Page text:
Photo by Nancy Henderson

After the children had left us, the memories were different. Like the chance introduction to some fellow Canadians in Hot Springs, North Carolina with whom we found the two degrees of separation to someone we had known for years. We experienced the pride of hiking with a grandfather taking his oldest grandson out for his first long trip, the respect of hiking with young men just back from tours of duty and using the Trail to decompress. We met the typical recent graduates, people between careers, and retirees. We were affected by stories about ordinary people doing something extraordinary — people in their 70s and 80s — still living life and chasing their dreams to hike the Trail.

The A.T. was not just chestnut oak, oak, American chestnut, sassafras, uphill, and downhill. It was people. People from all over the world who come to hike a trail meant for all caliber of hikers. A trail set up so that you could pick it up almost anywhere and get off when you ran out of time, food, or had an injury. A trail with a system of mail drop locations and post offices for food and gear drops. A trail with a network of anonymous Trail angels who managed something as innocuous as a garbage can at a road crossing or jugs of water when springs were infrequent or dry. Then there were others who helped out by picking up hitch hikers — five grubby people who just realized that they had left their stove at the last shelter – thirteen miles back.

It was with mixed emotions that we finished the Trail. The plan was to knock off 650 miles by filling in all the uncompleted pieces; summit Springer, swing back up to summit Katahdin and then be done with the A.T. As I stood on the top of Katahdin, surveying the view from the mountain that I had only ever seen from a distance for twenty-five years, watching people pose and propose while propped on that familiar Katahdin sign, I tried to collect my emotions about how I had finished with this goal. But that’s not the thought that came to mind.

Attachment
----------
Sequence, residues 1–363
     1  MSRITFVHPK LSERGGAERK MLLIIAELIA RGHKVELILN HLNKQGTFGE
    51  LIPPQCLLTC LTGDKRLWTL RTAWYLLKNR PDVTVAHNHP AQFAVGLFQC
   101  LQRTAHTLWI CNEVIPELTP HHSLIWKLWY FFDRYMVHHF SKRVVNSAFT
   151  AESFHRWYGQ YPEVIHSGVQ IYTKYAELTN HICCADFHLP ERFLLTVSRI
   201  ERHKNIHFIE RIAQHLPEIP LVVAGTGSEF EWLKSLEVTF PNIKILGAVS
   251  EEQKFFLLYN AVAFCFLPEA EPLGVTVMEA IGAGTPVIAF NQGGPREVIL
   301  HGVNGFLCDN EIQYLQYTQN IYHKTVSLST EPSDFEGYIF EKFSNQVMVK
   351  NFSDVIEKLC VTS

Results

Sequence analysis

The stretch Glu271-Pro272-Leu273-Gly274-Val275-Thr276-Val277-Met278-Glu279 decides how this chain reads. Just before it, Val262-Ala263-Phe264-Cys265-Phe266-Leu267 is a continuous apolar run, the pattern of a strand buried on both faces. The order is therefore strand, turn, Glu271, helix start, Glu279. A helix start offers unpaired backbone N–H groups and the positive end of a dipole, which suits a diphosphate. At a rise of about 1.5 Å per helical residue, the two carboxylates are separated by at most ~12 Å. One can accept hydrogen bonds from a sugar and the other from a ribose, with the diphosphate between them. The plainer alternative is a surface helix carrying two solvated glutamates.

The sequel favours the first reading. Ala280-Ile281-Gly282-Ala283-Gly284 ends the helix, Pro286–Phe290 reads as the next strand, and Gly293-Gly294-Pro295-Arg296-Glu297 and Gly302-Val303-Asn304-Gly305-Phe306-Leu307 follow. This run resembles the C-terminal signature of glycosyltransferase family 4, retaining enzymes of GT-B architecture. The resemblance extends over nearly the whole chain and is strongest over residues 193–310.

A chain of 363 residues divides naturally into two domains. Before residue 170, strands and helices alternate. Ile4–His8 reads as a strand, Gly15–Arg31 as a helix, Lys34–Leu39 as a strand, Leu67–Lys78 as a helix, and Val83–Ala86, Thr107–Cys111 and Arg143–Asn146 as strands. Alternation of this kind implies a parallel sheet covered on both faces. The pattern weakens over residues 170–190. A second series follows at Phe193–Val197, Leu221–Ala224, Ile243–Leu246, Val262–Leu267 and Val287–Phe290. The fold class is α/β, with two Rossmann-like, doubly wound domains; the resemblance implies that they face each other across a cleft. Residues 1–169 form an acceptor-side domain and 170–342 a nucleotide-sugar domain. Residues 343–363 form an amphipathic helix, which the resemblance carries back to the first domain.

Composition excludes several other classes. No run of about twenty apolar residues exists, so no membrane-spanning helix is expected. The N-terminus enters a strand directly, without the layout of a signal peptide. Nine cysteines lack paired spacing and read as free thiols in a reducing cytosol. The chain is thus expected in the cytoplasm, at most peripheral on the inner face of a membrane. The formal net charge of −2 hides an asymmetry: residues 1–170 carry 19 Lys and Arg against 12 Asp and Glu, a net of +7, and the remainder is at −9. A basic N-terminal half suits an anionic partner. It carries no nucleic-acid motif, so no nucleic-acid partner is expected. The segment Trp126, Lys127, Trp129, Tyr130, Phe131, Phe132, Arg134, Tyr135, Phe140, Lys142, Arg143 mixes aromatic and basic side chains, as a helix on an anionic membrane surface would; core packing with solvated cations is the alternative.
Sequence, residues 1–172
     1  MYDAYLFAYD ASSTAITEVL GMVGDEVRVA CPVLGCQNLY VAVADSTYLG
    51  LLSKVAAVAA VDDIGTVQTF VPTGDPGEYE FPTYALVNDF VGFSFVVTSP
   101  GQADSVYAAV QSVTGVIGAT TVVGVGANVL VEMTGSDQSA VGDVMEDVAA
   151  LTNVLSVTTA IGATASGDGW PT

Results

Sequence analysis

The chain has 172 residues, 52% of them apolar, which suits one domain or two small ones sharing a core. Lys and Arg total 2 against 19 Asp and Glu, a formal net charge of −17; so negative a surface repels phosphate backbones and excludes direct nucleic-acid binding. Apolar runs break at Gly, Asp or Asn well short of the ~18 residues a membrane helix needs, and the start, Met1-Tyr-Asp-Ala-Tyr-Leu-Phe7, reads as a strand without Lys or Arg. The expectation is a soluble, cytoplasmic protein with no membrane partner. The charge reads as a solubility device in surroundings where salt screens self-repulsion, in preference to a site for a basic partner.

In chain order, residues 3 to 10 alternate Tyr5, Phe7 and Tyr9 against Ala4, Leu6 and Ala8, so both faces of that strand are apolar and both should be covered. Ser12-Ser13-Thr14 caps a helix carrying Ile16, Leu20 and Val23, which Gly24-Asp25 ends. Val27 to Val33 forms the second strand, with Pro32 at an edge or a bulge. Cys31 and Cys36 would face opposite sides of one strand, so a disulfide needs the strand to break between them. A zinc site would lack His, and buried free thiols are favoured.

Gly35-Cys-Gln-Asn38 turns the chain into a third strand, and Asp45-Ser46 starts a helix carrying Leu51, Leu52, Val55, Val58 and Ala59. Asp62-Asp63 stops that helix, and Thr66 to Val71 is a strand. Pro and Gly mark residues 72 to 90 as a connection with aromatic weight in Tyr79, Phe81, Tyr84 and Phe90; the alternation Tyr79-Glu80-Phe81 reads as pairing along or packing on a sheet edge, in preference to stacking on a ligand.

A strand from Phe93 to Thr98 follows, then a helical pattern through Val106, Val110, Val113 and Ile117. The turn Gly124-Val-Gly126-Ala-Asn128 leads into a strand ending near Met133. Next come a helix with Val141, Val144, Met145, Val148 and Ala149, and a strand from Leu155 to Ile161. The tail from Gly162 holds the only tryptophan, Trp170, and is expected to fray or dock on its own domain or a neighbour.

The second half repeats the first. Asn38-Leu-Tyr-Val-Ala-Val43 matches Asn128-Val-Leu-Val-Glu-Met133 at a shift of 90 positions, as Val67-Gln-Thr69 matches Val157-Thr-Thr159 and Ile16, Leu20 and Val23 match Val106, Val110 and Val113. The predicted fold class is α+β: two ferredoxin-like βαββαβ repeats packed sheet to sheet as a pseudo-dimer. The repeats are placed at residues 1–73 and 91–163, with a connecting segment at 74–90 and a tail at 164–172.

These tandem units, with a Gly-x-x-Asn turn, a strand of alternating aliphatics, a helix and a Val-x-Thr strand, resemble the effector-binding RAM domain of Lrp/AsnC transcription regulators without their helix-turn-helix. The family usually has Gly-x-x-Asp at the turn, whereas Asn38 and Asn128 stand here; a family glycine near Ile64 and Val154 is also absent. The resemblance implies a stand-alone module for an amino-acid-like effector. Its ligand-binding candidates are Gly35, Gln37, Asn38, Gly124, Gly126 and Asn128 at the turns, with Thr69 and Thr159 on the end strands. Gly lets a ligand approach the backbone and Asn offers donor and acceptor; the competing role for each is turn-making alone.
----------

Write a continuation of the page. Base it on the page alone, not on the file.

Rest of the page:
I wasn’t finishing the Trail, I was just starting it. I wanted to hike it again but in less than a ten-year span. I wanted to hike it, not in pieces by state (easiest to hardest), but as a chain from beginning to end.

“Griswold and Loon” will be back. The Trail waited for me the first time, and now that we have retired, I know it will welcome me back the next time. I feel a need to re-hike it but I also feel that great need to give back to the Trail and the incredible people who make it possible.

Last summer, we took our granddaughters on their first backpacking trip. I can now envision taking them on the Appalachian Trail. . . another generation.

This article originally appeared in the Spring/Summer 2022 issue of A.T. Journeys, the membership magazine of the ATC.

Michele and Dan Coleman have been supporting the Appalachian Trail Conservancy (ATC) for more than two decades. The Colemans reside in New Brunswick, Canada, but they can often be found enjoying long distance hiking trails like the Appalachian Trail and the Pacific Crest Trail.“The Trail gave me peace and a place to gain confidence in my worth and my values,” says Michele, explaining her desire to give back. “It made me strong. The Trail needs to be there to allow others to have the opportunity to find peace with themselves and in this world.”

The Colemans’ desire to make the world “a better place in a small way” is exemplified through their recent generous support of an Atlantic salmon habitat restoration project, led by the ATC in Maine. The ATC is currently working to aid in the return of federally endangered Atlantic salmon to Maine’s Henderson Brook. By removing a culvert and replacing it with a seventy-five-foot bridge, the ATC will eliminate the last remaining barrier to native fish passage within Henderson Brook. Additionally, fifty feet of streambed is being restored, which will reestablish natural stream hydrology and facilitate fish passage. Michele and Dan’s support is a crucial part of the success of this project.